Right-sizing the Departments of Labor and Commerce

This is a sixth in a series of opinion articles dealing with the necessity of reducing the size and cost of a bloated federal bureaucracy that has demonstrated its ineffectiveness and its inefficiency. These opinion articles are adapted from an original position paper, America’s Path to Prosperity, authored by the American Issues Policy Group.

The mission of the Department of Labor is “To foster, promote, and develop the welfare of the wage earners, job seekers, and retirees of the United States; improve working conditions; advance opportunities for profitable employment; and assure work-related benefits and rights.”[i]

The mission of the Commerce Department is “to create the conditions for economic growth and opportunity.”[ii]

President Lyndon Johnson asked Congress to consider reuniting the Departments of Commerce and Labor. Johnson made the argument that the departments had similar goals and consolidation would improve communication. Congress never acted on Johnson’s recommendation.

The Department of Labor is a sprawling bureaucracy as one can see viewing the department’s organization chart. The department employs 17,880 employs with a budget of $49.8 billion.[iii]  The department enforces 180 federal laws and thousands of regulations covering 10 million employers and 125 million employees.  Areas of coverage include wages and hours; workplace safety and health; workers’ compensation; employee benefit security; unions and their members; uniformed services employment and reemployment rights; employee polygraph protection; garnishment of wages; family and medical leave act (FMLA); veterans’ preferences; and government contracts, grants, or financial aid.

In contrast, the Department of Commerce has 45,549 employees with a budget of  $10.4 billion.[iv]  The department is comprised of 12 bureaus that work together to drive progress in four business areas:  trade and investment, innovation, environment, and data.

Conclusion.  The Department was originally created as the Department of Commerce and Labor in 1903. The main purpose of the organization was to create jobs, promote economic growth, encourage sustainable development and improve standards of living.  In 1913, the Department split into the Department of Commerce and the Department of Labor. Since then the departments have morphed into sprawling bureaucracies that perform similar duties and tasks. As a consequence, we propose eliminating both departments while saving some agencies and bureaus into a smaller government unit.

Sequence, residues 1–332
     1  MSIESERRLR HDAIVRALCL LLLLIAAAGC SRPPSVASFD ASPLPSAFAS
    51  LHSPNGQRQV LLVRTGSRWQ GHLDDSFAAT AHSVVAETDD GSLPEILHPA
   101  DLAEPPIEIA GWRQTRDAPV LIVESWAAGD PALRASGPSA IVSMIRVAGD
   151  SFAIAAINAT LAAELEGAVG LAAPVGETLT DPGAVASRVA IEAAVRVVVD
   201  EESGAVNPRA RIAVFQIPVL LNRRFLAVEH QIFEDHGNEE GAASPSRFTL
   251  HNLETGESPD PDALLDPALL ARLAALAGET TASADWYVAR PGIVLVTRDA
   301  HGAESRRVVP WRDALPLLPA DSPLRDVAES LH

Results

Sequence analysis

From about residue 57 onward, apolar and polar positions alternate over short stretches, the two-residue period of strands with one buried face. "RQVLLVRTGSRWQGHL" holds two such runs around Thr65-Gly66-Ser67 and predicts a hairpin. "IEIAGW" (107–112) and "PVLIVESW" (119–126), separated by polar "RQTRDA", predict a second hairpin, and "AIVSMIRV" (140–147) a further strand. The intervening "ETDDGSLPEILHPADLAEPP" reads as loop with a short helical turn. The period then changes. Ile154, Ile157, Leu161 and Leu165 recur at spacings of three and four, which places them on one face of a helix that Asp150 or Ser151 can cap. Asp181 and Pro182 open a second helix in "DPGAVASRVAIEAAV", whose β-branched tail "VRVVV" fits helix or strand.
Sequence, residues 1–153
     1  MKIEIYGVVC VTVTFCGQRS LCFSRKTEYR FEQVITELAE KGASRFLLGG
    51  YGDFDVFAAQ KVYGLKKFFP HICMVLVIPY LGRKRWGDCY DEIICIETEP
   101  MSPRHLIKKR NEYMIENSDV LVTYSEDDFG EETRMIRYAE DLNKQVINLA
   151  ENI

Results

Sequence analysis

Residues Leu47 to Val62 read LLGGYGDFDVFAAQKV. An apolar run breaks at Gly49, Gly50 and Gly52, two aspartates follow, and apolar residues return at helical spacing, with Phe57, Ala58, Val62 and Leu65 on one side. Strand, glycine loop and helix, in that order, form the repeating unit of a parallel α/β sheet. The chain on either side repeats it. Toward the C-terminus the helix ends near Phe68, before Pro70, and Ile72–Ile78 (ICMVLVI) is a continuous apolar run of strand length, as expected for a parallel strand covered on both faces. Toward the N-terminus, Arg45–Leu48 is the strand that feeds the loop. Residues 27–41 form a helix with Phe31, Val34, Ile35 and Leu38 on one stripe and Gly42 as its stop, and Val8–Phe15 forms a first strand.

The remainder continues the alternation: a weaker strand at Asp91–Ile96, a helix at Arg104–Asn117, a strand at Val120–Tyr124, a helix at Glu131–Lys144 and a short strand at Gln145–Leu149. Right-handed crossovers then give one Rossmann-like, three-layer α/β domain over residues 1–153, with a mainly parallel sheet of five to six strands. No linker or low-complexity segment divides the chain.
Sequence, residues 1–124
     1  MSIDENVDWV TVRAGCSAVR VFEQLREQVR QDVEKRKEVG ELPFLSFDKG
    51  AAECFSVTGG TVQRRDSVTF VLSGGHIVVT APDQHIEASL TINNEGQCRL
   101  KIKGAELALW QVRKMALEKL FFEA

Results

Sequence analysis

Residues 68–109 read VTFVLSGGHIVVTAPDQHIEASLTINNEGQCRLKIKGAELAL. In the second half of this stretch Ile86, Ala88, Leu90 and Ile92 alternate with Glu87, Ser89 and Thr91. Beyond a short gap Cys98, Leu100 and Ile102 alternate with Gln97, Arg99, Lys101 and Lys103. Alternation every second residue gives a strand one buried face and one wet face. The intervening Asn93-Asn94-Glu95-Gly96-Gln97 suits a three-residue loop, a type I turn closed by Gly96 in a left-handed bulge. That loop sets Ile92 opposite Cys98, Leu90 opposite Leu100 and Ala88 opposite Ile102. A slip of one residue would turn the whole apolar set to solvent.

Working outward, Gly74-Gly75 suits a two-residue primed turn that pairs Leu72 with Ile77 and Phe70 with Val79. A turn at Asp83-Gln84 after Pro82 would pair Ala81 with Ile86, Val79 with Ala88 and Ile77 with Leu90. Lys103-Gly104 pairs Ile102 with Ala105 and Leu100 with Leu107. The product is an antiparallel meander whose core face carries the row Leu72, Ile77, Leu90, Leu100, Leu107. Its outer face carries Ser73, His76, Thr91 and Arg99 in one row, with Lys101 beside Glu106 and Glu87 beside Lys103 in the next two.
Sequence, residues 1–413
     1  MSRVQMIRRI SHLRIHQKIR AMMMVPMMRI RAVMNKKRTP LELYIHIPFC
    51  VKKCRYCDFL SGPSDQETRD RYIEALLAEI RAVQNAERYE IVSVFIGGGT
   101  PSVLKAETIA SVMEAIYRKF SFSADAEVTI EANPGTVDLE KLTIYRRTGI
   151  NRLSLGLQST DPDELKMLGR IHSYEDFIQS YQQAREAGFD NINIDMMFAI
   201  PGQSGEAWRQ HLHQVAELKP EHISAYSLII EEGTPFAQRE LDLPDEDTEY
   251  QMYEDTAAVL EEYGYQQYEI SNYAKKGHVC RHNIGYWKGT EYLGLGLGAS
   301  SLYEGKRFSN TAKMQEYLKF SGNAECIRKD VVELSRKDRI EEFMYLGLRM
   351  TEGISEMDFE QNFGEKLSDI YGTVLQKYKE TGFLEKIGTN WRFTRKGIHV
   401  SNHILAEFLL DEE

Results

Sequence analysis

• Contract with a major private sector consulting firm to plan and eliminate the Department of Commerce within one year, to include a 100% reduction in force, save for the following government organizations:
    • Move the U.S. Trade Representative, the Trade and Development Agency along with the SBA, to a new streamlined Business Development Agency.
    • Eliminate all corporate subsidies from the Commerce Department, the Economic Development Administration, the Advanced Technology Program, the Export-Import Bank, the Overseas Private Investment Corporation. Eliminate programs that promote ethnic and racial quotas, e.g., Minority Business Development Agency.
    • Shift the Census Bureau, Patent Office, Bureau of Economic Analysis, Bureau of Industry and Security and the Economic and Statistics Administration to a new small agency focused on Data and Statistics.
  • Contract with a major private sector consulting firm to plan and eliminate the Department of Labor within one year, to include a 100% reduction in force, save for the following government organizations:
    • Transfer the Bureau of Labor Statistics and the Wage and Hour Division to the new Data and Statistics Agency.
    • Transfer the Pension Benefit Guarantee Fund to the Treasury Department.
    • Eliminate the National Labor Relations Board and shift responsibility for monitoring the fairness of elections to the Justice Department.
    • Eliminate OSHA, as there is no evidence that the agency has improved workplace safety at a cost of between $11 and $34 billion annually.[v]

Ten-Year estimated Savings:  $205 billion

[i] Department of Labor, http://www.dol.gov/opa/aboutdol/mission.htm

[ii] Department of Commerce, http://www.commerce.gov/page/about-commerce#mission

[iii] Department of Labor 2016 Budget Request, “FY 2016 Department of Labor Budget in Brief,” http://www.dol.gov/dol/budget/2016/PDF/FY2016BIB.pdf

[iv] Department of Commerce, “The Department of Commerce Budget in Brief Fiscal Year 2016,”


[v] CATO, Departments of Labor and Commerce, http://object.cato.org/sites/cato.org/files/serials/files/cato-handbook-policymakers/1999/9/hb106-12.pdf

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